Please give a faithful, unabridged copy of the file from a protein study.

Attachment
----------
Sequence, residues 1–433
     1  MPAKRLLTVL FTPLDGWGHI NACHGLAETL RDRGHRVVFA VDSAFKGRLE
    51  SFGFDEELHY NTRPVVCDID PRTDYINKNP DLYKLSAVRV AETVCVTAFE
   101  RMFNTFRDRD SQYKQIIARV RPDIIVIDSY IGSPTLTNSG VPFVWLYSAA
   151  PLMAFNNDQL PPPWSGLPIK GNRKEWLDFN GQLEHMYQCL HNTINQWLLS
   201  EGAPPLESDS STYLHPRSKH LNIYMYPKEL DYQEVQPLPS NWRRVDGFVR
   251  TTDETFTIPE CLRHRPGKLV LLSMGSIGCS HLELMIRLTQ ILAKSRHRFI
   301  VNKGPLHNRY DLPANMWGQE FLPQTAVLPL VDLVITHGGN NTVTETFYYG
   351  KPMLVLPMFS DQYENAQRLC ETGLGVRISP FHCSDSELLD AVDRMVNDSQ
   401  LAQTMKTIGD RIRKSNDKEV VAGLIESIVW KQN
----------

Sequence, residues 1–433
     1  MPAKRLLTVL FTPLDGWGHI NACHGLAETL RDRGHRVVFA VDSAFKGRLE
    51  SFGFDEELHY NTRPVVCDID PRTDYINKNP DLYKLSAVRV AETVCVTAFE
   101  RMFNTFRDRD SQYKQIIARV RPDIIVIDSY IGSPTLTNSG VPFVWLYSAA
   151  PLMAFNNDQL PPPWSGLPIK GNRKEWLDFN GQLEHMYQCL HNTINQWLLS
   201  EGAPPLESDS STYLHPRSKH LNIYMYPKEL DYQEVQPLPS NWRRVDGFVR
   251  TTDETFTIPE CLRHRPGKLV LLSMGSIGCS HLELMIRLTQ ILAKSRHRFI
   301  VNKGPLHNRY DLPANMWGQE FLPQTAVLPL VDLVITHGGN NTVTETFYYG
   351  KPMLVLPMFS DQYENAQRLC ETGLGVRISP FHCSDSELLD AVDRMVNDSQ
   401  LAQTMKTIGD RIRKSNDKEV VAGLIESIVW KQN